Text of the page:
Wash Your Hands!
THE RECENT discovery that turkeys on a British farm were infected with the H5N1 "bird flu" virus was, as bad news goes, auspiciously timed. Just before the turkeys once again focused attention on the fast-moving virus, the U.S. Centers for Disease Control and Prevention released interim guidelines detailing what states and localities could do to cope with a pandemic of a dangerous form of influenza -- the sort of outbreak that a mutated form of H5N1 could spark.
The CDC's guidelines instruct American communities on how they might slow the spread of a bad flu in the absence of viable drugs or vaccines. Such rules are desperately needed. Last September, a group of international experts on pandemic preparedness concluded that it was likely that vaccines would prove ineffective against mutated forms of the virus. Tamiflu can lessen the severity of flu symptoms but does not eliminate the virus. Meanwhile, efforts to shorten the time required to formulate new vaccines when a virus mutates still face years of research. So if a pandemic strain arrived in the United States tomorrow, the country's best tools might turn out to be old-fashioned technologies and techniques of the sort listed in the CDC report, such as quarantines and public information campaigns promoting proper hygiene.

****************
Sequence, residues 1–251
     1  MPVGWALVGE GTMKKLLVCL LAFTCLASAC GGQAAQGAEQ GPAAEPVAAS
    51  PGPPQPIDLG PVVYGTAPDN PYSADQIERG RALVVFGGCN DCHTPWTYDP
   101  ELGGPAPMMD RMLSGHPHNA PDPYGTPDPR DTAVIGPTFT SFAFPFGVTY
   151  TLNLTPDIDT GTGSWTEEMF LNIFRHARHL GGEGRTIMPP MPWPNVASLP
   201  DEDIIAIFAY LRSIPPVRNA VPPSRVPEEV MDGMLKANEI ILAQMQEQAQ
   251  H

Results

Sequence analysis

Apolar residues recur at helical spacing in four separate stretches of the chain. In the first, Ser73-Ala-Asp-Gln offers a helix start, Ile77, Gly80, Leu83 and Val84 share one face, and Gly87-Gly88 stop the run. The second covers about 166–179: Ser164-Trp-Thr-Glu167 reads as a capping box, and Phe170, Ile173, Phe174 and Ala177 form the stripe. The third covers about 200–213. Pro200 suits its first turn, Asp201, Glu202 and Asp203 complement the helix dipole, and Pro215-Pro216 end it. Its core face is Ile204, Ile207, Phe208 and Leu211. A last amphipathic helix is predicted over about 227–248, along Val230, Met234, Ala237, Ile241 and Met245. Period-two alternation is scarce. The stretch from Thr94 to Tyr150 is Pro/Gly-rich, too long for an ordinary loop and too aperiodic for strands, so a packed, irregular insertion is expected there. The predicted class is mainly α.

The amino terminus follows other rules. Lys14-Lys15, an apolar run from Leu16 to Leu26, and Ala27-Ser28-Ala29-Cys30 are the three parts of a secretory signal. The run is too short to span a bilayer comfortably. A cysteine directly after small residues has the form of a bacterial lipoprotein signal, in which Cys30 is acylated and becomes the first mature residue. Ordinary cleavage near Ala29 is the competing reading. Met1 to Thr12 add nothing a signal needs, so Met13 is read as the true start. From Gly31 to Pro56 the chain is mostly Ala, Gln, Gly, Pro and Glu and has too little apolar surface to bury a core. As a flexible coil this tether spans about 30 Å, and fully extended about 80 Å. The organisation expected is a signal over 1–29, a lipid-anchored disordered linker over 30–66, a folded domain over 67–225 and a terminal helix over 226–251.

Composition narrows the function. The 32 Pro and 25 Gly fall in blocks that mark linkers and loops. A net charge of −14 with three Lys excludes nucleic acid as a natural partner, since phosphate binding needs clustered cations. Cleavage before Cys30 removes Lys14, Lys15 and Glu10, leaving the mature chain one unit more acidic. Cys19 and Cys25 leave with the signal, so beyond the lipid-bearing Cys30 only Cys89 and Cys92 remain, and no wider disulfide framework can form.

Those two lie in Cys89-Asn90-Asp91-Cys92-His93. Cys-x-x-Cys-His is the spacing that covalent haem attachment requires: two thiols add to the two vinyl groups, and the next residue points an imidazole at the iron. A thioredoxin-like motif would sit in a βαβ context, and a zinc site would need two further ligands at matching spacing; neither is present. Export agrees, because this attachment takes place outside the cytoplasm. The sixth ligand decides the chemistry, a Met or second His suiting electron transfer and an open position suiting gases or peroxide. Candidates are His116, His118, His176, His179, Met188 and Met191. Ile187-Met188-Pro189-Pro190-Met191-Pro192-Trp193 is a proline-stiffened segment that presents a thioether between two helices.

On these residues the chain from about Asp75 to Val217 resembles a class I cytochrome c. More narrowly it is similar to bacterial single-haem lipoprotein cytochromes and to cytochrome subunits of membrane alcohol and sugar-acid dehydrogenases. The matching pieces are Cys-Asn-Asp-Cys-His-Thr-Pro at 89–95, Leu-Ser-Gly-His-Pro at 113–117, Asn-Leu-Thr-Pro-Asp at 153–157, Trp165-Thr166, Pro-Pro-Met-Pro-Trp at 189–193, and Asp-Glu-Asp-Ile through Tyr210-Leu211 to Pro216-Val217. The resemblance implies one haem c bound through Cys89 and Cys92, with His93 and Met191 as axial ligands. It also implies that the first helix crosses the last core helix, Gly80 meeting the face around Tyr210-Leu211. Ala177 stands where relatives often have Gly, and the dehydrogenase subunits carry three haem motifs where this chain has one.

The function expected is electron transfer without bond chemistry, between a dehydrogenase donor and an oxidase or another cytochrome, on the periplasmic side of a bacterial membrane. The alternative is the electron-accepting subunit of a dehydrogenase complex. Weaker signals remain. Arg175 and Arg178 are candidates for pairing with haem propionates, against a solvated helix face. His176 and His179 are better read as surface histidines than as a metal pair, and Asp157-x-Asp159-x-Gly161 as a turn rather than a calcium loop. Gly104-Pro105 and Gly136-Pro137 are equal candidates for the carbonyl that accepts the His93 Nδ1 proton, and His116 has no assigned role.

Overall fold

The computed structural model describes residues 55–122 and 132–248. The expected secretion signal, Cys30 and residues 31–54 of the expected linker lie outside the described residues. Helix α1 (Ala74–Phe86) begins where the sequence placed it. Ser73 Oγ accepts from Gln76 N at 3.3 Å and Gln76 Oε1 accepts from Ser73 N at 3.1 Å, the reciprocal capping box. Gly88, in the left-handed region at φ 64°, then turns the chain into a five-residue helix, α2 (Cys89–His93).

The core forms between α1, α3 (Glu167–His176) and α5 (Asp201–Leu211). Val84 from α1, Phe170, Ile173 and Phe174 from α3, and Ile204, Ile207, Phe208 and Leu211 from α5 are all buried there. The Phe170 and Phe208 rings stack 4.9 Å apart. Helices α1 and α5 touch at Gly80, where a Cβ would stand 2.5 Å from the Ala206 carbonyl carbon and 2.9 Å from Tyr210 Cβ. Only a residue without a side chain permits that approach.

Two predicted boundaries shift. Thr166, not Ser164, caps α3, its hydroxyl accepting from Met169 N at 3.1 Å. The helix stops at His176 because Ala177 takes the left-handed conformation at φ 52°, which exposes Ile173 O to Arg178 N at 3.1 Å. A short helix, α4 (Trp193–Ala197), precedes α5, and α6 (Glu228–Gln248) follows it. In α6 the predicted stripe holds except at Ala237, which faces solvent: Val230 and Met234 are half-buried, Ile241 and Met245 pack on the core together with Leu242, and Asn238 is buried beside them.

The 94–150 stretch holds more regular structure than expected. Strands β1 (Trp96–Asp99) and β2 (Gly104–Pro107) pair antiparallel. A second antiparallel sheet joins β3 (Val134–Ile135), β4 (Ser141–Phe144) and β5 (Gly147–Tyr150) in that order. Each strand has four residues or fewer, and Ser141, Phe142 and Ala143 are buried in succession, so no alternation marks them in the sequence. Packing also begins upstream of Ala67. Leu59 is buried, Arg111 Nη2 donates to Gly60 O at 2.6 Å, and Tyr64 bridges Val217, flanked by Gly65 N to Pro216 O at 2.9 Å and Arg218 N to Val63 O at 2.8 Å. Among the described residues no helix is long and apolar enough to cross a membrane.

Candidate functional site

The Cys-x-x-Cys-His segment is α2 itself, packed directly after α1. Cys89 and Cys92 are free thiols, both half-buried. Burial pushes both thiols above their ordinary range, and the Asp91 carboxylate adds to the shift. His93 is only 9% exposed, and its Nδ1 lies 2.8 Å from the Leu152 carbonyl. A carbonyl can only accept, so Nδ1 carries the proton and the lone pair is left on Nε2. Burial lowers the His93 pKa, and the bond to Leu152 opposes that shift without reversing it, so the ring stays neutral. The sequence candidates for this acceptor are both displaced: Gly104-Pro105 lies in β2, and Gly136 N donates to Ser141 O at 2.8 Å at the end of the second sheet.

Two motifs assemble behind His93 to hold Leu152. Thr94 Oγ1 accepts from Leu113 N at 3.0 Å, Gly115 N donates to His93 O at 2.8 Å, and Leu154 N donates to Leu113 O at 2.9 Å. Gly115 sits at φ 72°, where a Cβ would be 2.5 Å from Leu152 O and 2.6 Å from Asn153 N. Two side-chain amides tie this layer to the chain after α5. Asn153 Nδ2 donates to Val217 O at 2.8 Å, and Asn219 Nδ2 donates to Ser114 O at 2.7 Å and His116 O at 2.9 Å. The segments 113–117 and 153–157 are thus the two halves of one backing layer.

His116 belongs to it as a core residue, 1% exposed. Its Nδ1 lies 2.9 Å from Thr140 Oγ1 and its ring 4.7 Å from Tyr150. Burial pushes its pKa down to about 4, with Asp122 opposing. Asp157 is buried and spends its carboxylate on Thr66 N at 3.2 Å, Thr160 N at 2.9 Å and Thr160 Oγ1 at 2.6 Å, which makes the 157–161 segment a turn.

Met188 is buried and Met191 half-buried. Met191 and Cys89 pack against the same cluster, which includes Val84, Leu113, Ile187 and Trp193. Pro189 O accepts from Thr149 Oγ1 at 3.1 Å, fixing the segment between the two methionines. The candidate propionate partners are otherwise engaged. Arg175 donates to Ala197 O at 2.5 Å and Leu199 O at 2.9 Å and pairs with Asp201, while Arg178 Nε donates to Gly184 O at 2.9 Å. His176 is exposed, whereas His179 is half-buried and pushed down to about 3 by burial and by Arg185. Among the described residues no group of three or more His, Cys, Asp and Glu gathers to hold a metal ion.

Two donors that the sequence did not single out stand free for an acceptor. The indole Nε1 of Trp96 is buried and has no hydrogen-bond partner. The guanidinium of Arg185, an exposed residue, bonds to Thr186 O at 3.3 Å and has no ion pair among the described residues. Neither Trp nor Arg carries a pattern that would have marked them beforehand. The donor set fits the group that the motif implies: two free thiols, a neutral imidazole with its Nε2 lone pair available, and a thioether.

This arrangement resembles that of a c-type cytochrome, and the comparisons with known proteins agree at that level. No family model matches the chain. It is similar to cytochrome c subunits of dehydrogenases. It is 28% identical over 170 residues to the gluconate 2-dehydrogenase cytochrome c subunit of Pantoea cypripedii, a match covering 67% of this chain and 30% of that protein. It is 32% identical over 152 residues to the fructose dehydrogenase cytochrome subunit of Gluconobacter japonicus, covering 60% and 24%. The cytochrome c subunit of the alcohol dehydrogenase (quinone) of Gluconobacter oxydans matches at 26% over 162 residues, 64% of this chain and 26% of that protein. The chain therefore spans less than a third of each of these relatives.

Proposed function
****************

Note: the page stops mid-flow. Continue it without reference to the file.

Not everyone in the public health world welcomed some of the more extreme guidelines. The CDC's proposal to shut down schools for three months in the case of a severe outbreak is generating resistance from scientists who claim that the tactic is not as effective as the CDC says it is. Others point out that the guidelines, which advise people to avoid crowded spaces such as train cars or offices, do not address the needs of poorer Americans (among others) who must take public transportation or who can't telecommute. As the CDC gathers comment and updates its interim guidelines, it must consider how state and local governments might deal with the potentially massive social costs of school closures and work stoppages.